Introduction

Do you like discussing films?

Of course you do. And why not? Movies are more than just trifling entertainments. They are art. They are urgent communications. They’re the hard work of tireless craftsmen. They take us on tours of our dreams, and allow us to release our nightmares in a safe place. But even more than that. Movies are time capsules, and documentaries of their very making. They can be exhilarating adventures, heart-stopping dramas, romantic interludes, daring statements, and, if we are lucky, some of them become like good friends. Of course we love to talk about them. They are us.

But there is a catch to that. Movies are also in many ways collapsible universes. Once inside, they take us to a million sights and sounds, and so many wonderful characters, situations and ideas. That’s easy to experience when it’s brand new. But at some point, you have to leave and decide if you want to visit it again. And from the outside, it looks so small. Trivial. Antiquated. How many times have you seen a DVD or video on a store shelf, or even in your own home, and you’ve passed it by, dismissively? “I don’t remember why I own that. It’s probably not very good. Why bother? It’s ancient. Let’s live in the now!” Then you catch it again on cable the next weekend and rediscover a classic.

Or how about this. You see a movie on TV, just casually, and it sucks you in. It’s good! And…hey…is that a young Al Pacino? Wow! I had no idea this existed! So the next night you meet your friend, and you tell him about this wonderful movie you saw. And he says “Yeah, man. Saw it 10 years ago. It’s great. What took you so long?” End of discussion.

Or have you ever tried to talk to someone, and tell them they need to see this wonderful movie, one that is so accessible and smart, and they couldn’t care less? “It’s old!” they will sometimes sneer.

Yeah. “It’s old.”

Well, you know what? Not here.

Welcome to the Time-Traveling Film Critic. It will be an ongoing series meant to examine repertory and contemporary films, giving them equal weight via a randomized year-selection system. The ultimate goal is to make the past present, and make the present rub elbows with the past: to provide a modern lens through which to view all sorts of films, new and old alike. Instead of focusing on arcane trivia or social impact, the most important topic will be the one that matters most: how does each film work, as a film? There is only one rule: nothing is presumed classic, and nothing is assumed bad. It still could be. But it must prove itself.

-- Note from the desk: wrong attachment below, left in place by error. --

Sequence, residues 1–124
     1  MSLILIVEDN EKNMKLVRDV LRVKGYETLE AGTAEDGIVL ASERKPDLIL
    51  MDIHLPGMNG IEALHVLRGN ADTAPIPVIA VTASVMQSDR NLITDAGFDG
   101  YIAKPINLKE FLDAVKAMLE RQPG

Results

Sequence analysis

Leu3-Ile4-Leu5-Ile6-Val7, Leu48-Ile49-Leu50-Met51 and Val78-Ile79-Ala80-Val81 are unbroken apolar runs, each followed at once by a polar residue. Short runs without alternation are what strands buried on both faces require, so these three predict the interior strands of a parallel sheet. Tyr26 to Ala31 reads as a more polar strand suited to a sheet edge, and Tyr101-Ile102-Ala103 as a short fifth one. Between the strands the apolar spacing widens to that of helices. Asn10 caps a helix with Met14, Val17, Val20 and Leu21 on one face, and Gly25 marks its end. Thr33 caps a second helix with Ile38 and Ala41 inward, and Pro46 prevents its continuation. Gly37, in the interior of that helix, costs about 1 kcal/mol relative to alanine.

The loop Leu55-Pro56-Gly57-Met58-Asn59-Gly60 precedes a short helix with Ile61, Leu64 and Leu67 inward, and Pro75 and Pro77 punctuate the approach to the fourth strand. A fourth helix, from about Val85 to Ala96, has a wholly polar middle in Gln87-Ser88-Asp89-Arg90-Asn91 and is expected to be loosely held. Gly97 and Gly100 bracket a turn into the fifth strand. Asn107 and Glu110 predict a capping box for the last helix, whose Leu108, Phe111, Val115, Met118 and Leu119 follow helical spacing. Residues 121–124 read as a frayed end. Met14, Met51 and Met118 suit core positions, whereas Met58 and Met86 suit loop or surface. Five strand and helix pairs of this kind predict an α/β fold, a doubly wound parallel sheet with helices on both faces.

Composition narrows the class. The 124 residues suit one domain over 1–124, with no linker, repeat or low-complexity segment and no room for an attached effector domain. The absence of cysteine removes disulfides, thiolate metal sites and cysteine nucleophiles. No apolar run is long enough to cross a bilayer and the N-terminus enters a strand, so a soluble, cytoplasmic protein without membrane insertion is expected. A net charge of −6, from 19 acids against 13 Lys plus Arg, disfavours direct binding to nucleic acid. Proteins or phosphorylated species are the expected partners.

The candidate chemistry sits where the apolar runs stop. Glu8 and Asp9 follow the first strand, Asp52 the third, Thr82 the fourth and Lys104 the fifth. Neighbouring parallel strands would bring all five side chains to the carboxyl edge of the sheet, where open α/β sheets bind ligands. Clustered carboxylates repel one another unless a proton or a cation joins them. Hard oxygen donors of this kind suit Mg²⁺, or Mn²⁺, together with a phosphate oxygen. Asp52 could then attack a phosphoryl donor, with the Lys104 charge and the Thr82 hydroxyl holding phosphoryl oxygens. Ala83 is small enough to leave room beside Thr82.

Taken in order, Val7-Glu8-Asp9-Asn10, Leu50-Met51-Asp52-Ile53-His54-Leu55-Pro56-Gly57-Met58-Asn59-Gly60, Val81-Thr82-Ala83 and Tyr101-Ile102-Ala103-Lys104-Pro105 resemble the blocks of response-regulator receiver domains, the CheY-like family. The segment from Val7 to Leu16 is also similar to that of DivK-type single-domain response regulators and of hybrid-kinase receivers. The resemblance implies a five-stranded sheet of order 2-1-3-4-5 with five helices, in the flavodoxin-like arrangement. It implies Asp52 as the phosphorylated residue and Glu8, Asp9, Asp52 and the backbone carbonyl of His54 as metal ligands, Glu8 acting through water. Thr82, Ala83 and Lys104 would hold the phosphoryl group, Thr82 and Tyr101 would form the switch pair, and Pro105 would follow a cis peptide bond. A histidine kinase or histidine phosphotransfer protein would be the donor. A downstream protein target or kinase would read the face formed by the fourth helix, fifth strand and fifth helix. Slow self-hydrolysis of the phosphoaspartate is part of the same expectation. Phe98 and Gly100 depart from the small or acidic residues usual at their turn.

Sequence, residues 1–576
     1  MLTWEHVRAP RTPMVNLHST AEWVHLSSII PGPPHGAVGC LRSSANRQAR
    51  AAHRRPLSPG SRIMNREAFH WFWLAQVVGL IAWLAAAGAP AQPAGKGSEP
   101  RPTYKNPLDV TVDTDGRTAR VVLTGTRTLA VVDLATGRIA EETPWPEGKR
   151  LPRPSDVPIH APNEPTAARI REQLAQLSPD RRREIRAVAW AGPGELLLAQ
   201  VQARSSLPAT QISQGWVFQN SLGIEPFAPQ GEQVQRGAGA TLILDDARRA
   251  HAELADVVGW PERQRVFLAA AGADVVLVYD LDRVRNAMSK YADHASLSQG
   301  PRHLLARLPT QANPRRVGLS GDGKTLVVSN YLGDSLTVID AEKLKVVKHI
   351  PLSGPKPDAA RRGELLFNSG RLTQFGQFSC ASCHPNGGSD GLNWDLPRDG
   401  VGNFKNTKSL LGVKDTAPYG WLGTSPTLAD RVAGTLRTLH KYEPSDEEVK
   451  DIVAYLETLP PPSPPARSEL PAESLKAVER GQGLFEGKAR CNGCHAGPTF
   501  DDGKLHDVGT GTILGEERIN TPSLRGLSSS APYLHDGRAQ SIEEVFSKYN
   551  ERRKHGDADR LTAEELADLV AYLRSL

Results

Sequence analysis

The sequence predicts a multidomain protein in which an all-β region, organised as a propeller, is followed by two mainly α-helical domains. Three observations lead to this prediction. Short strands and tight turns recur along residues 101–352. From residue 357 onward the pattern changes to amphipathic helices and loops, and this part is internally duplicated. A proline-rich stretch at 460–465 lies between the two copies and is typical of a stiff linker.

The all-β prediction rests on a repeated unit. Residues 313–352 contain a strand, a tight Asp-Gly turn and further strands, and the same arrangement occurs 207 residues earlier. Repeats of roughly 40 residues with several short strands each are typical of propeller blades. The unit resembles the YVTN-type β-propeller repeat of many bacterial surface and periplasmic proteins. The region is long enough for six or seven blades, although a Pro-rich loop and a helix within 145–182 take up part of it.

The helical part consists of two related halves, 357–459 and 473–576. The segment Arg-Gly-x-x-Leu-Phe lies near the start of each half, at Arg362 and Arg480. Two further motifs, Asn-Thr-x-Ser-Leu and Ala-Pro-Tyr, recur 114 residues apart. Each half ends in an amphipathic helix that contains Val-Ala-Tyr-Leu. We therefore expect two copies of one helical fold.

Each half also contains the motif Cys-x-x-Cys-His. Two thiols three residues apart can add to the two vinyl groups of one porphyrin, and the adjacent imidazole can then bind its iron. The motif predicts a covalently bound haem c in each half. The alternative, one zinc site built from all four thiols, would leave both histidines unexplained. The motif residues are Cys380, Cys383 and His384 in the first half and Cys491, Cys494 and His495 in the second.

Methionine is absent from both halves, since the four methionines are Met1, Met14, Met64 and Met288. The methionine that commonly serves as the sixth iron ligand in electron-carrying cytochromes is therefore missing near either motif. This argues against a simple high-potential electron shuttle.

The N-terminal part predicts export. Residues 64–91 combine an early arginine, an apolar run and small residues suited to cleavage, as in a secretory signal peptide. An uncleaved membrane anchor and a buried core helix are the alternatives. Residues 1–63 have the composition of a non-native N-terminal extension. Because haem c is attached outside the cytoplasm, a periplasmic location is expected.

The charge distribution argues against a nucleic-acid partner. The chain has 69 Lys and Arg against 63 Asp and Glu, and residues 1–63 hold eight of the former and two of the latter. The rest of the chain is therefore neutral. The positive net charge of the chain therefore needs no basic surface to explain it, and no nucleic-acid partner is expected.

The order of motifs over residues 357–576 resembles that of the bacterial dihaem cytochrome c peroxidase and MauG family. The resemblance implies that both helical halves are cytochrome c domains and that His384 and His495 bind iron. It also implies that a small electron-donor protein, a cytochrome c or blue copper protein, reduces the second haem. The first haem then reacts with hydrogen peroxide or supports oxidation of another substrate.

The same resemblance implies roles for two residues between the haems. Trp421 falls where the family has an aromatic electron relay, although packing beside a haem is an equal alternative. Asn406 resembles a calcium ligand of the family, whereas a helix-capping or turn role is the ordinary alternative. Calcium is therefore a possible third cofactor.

Through our intrepid time-traveler, we will traverse genres, decades and cultures with the ease of pushing a button. Where will the wheel land next? What movie will our time-traveler view? And from what era? That is the question. And there will always be a new answer.

Conversations for each film are encouraged, as long as they are civil. Use your good sense, no personal attacks, and a good time will be had by all.

Our series will begin on May 2, 2010 with one of the first motion pictures ever made, Le Voyage Dans La Lune [A Trip to the Moon] (1902). A new film will appear every Sunday. It could be anything. Hope to see you with us in the future. And the past. If you have further questions, or would like to see the same questions answered with slightly different wording, you can check out the FAQ by clicking the appropriate button above.

Until then, see you around the time stream.

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One thought on “Introduction

  1. Toady April 30, 2010 / 2:32 am

    I’m not going to claim you knew this, but I had this idea (review old and new on an equal footing) a while back and just couldn’t figure out the name/hook. Love your idea and I look forward to traveling through time with you.

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